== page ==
Your Next BIG Speech
The motto of the Boy Scouts of America is “Always be Prepared.” This is a very wise motto, and one that’s appropriate for life in general. Water, Kleenex, snacks, hand sanitizer, Tylenol, condoms…it’s always good to be ready for anything. Whether you are ushering kids around the zoo, getting stuck in traffic, or standing before an unruly crowd – be ready for anything.
I give 40-50 presentations a year. Not all of them are knock’m dead TED talks. But I hit way more than I miss. I’ve talked my way through everything from 3-minute pop-up presentations to 8-hour communication workshops. I have also sat through countless others. As you may guess, they don’t all go smoothly. Allow me to list a few of the most recent SNAFUs I’ve witnessed: projector bulb burned out, no Internet access, computer security restricted access to speaker’s presentation, projector didn’t work, sound didn’t work, no microphone for large auditorium, expected speaker no-showed, speaker accidently erased presentation, Windows updated mid-presentation and locked out talk, and presenter stung by a bee. Ok, last one didn’t really happen, but you must admit weird shit happens during talks. How you deal with it will ultimately decide your success. If you’ve practiced, you should be able to successfully present without the visual aids. Surprisingly, sometimes if things go really wrong, the presentations actually improve and become more memorable. Overcoming adversary is very endearing to your audience. Remember to handle your situation and your attitude with humbleness, calmness, dignity, and resolve. Grace under pressure. Don’t mess yourself. You could always reschedule if things go too awry.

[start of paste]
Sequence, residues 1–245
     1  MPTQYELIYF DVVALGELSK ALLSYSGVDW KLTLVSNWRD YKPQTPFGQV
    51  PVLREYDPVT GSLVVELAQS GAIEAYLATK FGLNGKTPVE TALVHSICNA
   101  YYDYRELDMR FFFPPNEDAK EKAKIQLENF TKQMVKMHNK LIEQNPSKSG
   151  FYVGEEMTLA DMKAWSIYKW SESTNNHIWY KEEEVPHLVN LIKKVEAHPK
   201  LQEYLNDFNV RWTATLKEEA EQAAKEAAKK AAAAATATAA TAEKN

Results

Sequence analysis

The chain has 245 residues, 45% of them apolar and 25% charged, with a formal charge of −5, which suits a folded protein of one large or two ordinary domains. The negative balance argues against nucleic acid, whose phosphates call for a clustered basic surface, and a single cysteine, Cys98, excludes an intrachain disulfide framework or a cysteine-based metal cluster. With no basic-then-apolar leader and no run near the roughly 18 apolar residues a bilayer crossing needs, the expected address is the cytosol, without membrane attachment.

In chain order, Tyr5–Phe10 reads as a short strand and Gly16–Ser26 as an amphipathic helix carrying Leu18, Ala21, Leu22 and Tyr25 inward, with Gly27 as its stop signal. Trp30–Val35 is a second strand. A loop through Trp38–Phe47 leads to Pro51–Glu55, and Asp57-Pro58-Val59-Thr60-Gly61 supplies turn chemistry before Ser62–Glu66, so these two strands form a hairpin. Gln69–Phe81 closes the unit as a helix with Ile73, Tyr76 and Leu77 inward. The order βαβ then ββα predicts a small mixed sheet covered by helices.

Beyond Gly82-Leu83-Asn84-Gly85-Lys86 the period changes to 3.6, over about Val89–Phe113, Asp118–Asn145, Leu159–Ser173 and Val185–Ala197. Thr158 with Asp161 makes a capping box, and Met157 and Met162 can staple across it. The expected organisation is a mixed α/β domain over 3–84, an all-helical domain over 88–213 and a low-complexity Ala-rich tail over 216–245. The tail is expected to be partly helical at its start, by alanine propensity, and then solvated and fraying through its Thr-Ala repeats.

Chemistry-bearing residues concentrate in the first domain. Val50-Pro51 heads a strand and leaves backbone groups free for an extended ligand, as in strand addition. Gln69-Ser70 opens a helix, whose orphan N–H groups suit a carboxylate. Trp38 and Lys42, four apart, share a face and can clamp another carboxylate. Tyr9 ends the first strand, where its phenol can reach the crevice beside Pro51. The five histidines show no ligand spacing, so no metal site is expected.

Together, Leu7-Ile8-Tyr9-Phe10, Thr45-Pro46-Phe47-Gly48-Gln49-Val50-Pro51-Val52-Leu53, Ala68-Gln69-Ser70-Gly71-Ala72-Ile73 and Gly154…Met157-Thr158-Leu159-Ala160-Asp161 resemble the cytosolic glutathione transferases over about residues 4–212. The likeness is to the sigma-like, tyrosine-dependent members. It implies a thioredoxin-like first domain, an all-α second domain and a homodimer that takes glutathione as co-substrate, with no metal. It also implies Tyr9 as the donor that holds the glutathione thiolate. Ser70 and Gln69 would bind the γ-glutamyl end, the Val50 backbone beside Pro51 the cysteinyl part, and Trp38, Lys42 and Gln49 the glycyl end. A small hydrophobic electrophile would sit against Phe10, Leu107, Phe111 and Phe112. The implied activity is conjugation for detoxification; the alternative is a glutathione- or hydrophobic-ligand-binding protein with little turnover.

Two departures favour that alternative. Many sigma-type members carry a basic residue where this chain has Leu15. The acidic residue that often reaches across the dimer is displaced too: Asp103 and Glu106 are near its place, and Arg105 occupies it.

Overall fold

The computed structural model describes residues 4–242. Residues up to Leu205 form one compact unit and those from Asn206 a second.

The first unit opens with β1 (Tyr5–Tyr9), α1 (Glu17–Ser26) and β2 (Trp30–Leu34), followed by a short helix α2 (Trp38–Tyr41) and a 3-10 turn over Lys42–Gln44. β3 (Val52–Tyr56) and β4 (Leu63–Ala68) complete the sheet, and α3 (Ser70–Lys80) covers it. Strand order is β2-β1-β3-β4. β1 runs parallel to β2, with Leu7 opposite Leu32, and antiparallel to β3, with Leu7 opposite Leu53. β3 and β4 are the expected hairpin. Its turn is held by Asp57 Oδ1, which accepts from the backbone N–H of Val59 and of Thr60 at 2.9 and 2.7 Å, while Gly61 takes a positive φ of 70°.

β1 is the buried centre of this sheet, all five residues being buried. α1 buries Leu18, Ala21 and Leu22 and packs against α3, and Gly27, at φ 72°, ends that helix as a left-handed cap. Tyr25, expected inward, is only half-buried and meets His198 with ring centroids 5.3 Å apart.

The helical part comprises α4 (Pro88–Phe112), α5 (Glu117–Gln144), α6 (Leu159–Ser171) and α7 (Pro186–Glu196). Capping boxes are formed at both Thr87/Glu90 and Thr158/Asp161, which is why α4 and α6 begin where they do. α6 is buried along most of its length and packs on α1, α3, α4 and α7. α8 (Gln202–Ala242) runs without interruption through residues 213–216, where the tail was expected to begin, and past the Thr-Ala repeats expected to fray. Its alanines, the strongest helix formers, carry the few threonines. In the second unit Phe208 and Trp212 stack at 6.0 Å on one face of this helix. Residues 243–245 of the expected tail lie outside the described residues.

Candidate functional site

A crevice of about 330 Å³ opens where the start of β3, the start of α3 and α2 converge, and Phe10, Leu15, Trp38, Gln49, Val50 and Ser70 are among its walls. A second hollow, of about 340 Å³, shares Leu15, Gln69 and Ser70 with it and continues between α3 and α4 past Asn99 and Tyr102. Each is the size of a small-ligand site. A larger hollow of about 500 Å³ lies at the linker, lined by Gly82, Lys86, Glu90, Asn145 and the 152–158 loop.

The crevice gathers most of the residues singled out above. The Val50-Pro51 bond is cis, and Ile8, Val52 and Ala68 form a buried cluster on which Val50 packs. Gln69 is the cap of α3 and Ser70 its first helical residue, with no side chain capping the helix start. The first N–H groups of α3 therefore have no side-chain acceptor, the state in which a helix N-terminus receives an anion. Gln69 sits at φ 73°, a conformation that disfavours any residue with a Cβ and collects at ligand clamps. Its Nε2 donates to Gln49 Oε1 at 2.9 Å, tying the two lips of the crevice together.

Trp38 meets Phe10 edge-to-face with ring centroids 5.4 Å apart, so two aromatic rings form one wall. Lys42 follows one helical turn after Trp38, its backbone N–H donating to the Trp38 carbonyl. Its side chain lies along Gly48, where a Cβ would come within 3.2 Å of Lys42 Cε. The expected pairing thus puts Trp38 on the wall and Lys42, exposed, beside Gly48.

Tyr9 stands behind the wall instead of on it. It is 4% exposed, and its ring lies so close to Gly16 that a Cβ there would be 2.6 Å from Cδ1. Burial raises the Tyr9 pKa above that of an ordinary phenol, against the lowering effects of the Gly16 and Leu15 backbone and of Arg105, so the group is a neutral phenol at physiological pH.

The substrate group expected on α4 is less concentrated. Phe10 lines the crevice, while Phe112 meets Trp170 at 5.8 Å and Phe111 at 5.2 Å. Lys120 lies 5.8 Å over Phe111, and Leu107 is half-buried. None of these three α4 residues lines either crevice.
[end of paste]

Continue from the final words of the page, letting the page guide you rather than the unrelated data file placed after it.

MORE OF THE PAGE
Avoid the Avoidable
One aspect of presentation practice and preparation I wanted to make sure was addressed is software incompatibility. I’m a Mac user. Most venues I present at use PC. Both operating systems use Microsoft PowerPoint as a presentation software. However, there is an accepted and readily acknowledged understanding that just because your presentation works fine on one system, doesn’t mean it will work right on the other. I always test the .PPT(x) file on the software version and operating system I will be presenting on prior to giving the talk. While leaving myself time to fix the incompatibility, if issues arise. If issues are insurmountable, I recommend using PDF formatted slides instead. You know what? You should probably make a PDF backup anyway for all your talks anyway. This way you can embed your fonts and other features in your talk and you won’t have to worry about any hinky projection errors.
Parenting & Public Speaking. Together
The behaviors, experiences, and techniques parents use everyday can improve YOUR NEXT BIG SPEECH. Whether it be using silly voices or just playing with the kids, these actions improve self-confidence, stage presence, and audience engagement. And that’s just the beginning…